Why windows 10 was never going to be the last windows

2 min readJan 31, 2022

Windows 11 has been here since October 2021, so why did Microsoft say Windows 10 is their last OS?

Did Microsoft actually say that?

In 2015 according to Microsoft, Windows 10 was going to become just Windows. An OS that receives incremental updates without putting too much time into the version branding (or making an “entirely new” OS).

The whole idea of this was based on this statement made by a Microsoft Developer when speaking at the company’s presentation:

“Right now we’re releasing Windows 10, and because Windows 10 is the last version of Windows, we’re all still working on Windows 10.”

— Jerry Nixon

It could have been phrased better, but little did he know what he had just set off, as at about the same Microsoft were announcing they wanted to treat windows as a continuous service, so these two together were enough to convince everyone.

There are actually some people that think Nixon meant to say “Latest version” rather than “Last version”, which would have made much more sense given the context, although it is still very likely he just phrased it that way as it would get more attention (which it certainly did!).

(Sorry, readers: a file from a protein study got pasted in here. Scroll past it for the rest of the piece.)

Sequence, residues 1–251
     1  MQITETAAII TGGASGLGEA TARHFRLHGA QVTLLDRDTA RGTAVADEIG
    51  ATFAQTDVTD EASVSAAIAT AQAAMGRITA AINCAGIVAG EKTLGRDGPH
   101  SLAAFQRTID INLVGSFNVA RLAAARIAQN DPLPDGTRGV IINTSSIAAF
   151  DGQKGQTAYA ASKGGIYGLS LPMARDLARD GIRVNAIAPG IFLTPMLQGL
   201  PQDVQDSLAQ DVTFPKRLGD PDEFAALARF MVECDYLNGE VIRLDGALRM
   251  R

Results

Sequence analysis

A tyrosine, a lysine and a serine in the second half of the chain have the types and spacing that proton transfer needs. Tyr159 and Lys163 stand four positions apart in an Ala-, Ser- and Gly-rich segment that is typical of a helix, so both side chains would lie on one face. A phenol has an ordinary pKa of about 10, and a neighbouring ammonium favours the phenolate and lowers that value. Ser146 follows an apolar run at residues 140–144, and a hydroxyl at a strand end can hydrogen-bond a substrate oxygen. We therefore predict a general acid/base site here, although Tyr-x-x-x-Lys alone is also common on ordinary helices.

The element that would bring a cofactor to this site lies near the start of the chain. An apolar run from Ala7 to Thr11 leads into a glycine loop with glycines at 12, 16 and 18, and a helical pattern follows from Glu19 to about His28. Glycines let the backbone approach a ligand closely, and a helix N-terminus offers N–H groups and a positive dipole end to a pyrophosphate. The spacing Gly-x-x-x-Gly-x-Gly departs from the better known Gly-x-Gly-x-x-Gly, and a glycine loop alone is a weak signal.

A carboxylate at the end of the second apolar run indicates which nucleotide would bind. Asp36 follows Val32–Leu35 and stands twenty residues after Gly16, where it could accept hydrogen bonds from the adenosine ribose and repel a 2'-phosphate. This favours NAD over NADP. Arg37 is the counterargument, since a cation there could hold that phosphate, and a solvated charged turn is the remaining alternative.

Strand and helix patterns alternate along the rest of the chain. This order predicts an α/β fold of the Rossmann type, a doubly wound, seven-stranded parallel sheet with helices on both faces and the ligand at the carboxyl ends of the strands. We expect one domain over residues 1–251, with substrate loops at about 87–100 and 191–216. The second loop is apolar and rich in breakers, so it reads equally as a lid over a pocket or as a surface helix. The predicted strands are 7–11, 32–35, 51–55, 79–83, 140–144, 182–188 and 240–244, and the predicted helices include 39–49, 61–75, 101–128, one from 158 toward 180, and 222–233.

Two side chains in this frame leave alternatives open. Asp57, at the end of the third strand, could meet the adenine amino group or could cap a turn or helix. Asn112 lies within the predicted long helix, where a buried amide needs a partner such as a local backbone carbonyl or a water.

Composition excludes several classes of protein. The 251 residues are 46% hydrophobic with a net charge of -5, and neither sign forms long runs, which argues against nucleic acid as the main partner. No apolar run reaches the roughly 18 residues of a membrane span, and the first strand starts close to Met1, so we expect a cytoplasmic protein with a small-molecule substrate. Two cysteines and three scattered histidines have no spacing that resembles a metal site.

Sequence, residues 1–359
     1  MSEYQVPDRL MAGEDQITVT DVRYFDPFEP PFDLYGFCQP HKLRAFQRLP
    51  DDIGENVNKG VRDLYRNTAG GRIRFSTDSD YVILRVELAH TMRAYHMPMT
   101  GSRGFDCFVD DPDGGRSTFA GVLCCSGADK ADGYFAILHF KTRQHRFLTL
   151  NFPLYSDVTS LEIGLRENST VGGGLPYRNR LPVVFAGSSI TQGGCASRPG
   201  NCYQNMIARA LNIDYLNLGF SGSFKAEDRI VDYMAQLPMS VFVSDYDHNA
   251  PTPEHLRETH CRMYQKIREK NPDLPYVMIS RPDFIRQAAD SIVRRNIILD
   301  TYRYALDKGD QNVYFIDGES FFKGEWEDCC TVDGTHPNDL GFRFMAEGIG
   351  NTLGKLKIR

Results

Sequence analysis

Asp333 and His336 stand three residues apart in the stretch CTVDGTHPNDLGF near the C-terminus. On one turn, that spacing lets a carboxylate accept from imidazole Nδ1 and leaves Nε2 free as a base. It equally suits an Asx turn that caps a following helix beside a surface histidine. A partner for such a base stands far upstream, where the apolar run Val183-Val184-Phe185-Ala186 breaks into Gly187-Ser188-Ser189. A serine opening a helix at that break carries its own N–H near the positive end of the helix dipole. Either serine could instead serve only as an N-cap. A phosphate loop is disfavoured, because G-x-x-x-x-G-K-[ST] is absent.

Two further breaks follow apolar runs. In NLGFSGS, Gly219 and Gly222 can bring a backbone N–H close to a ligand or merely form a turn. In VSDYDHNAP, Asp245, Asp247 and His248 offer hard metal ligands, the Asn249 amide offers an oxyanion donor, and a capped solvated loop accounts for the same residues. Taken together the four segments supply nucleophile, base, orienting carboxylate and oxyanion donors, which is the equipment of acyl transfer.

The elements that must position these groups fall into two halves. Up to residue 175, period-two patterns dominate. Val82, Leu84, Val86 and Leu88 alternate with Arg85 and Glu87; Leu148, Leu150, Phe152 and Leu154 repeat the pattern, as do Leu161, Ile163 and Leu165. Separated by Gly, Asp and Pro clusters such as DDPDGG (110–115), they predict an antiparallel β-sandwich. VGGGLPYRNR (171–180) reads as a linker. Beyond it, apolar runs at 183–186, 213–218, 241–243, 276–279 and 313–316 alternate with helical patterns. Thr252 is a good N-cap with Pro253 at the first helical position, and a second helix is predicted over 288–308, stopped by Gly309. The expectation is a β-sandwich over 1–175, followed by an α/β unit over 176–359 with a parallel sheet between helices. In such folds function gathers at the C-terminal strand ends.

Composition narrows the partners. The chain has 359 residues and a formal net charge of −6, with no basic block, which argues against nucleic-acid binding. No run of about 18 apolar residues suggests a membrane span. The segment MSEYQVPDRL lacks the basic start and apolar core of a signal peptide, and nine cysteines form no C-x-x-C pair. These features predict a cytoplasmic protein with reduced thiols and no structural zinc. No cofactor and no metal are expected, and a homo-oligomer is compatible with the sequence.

Windows 10 “patch”

Jump back into June 2021, videos with titles along the lines of Windows 11 just leaked: Here’s our first look started springing up, and within no time a couple of actual beta Windows 11 ISO files were being shared around online which led Microsoft to release a patch to Windows 10 which made it almost impossible to install the new OS onto it.

So, was Windows 10 really supposed to be the last OS? We don’t know. It is likely Microsoft actually did have no plans to release a new OS but decided to change down the line, which isn’t too unlikely, or it could just be a successful attempt at getting all the media attention possible.

What’s new?

Windows 11 doesn’t exactly bring many new features to the table, it’s more of a paint job to windows 10 giving everything a more fluid and consistent design.

The most noticeable changes are:

  • The taskbar is now centred
  • They redesigned the start menu
  • Added rounded corners to all the windows
  • A widgets menu was added (although that was already added in a late update on windows 10)
  • Newly designed icons
  • A window snapping menu
  • Microsoft teams has been more integrated into windows
  • The settings menu was completely redone (that’s one good reason to update 😜)

If you’d like an article going into the more in-depth, behind the scenes changes of windows 11, comment below and I’ll be sure to post it!

Originally published at https://kilabyte.org on January 31, 2022.




🍱 bento.me/eli 👋 Hi I'm Eli, I’m 17 👀 I'm interested in anything tech 🌱 I'm currently doing a full stack web dev course 💪 Eager to learn new things!